Beetles are a group of insects that form the order Coleoptera, in the superorder Endopterygota. Their front pair of wings are hardened into wing-cases, elytra, distinguishing them from most other insects. The Coleoptera, with about 400,000 species, is the largest of all orders, constituting almost 40% of described insects and 25% of all known animal life-forms; new species are discovered frequently. The largest of all families, the Curculionidae (weevils) with some 70,000 member species, belongs to this order. Found in almost every habitat except the sea and the polar regions, they interact with their ecosystems in several ways: beetles often feed on plants and fungi, break down animal and plant debris, and eat other invertebrates. Some species are serious agricultural pests, such as the Colorado potato beetle, while others such as Coccinellidae eat aphids, scale insects, thrips, and other plant-sucking insects that damage crops.
Bird migration is the regular seasonal movement, often north and south along a flyway, between breeding and wintering grounds. Many species of bird migrate. Migration carries high costs in predation and mortality, including from hunting by humans, and is driven primarily by availability of food. It occurs mainly in the northern hemisphere, where birds are funneled on to specific routes by natural barriers such as the Mediterranean Sea or the Caribbean Sea.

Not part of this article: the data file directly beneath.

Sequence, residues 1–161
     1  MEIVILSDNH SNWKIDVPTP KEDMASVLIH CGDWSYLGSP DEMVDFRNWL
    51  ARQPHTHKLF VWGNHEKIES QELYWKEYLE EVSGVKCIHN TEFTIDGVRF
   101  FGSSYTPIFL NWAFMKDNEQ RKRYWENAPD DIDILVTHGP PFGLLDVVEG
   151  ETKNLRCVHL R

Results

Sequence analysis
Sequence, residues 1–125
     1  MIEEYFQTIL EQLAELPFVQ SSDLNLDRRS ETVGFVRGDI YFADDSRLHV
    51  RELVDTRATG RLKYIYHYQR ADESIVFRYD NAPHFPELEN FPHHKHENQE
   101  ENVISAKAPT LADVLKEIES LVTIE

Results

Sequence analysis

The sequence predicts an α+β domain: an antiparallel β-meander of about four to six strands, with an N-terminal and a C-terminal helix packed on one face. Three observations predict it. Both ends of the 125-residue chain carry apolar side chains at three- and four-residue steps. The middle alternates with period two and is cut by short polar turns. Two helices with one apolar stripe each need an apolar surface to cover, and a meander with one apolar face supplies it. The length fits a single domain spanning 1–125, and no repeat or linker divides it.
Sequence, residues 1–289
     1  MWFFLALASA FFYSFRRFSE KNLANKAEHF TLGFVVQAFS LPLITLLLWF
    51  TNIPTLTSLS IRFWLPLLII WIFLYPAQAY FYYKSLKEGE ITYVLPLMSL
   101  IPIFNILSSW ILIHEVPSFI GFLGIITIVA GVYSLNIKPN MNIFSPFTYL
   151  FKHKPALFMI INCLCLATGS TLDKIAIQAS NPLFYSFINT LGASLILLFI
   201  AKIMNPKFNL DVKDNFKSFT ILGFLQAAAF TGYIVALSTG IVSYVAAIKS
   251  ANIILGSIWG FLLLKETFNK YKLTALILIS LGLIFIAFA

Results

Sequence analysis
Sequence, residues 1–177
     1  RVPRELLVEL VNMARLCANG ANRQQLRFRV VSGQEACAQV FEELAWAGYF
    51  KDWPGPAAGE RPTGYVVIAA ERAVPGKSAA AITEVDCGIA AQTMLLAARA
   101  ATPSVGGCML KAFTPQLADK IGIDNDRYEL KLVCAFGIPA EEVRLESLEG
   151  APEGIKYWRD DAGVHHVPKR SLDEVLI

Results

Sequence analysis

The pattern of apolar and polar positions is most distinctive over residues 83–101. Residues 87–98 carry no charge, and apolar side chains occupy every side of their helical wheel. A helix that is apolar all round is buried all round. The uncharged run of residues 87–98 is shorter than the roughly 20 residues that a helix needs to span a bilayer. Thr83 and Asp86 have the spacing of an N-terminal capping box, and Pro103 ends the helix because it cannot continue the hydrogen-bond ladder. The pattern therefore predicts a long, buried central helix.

The genus Teretistris was long thought to sit in the New World warbler family Parulidae, until a 2002 study examined 25 genera of New World warbler using mitochondrial and nuclear DNA found that six genera were best placed outside the family, including Teretistris.Five of the genera had long been suspected to not sit comfortably inside Parulidae, but before this study there had never been a suggestion that Teretistris did not belong in the New World warbler family.
Family is one of the eight major hierarchical taxonomic ranks in Linnaean taxonomy; it is classified between order and genus. A family may be divided into subfamilies, which are intermediate ranks between the ranks of family and genus. The official family names are Latin in origin; however, popular names are often used: for example, walnut trees and hickory trees belong to the family Juglandaceae, but that family is commonly referred to as being the "walnut family".
Mitochondrial DNA is the DNA located in mitochondria, cellular organelles within eukaryotic cells that convert chemical energy from food into a form that cells can use, adenosine triphosphate (ATP). Mitochondrial DNA is only a small portion of the DNA in a eukaryotic cell; most of the DNA can be found in the cell nucleus and, in plants and algae, also in plastids such as chloroplasts.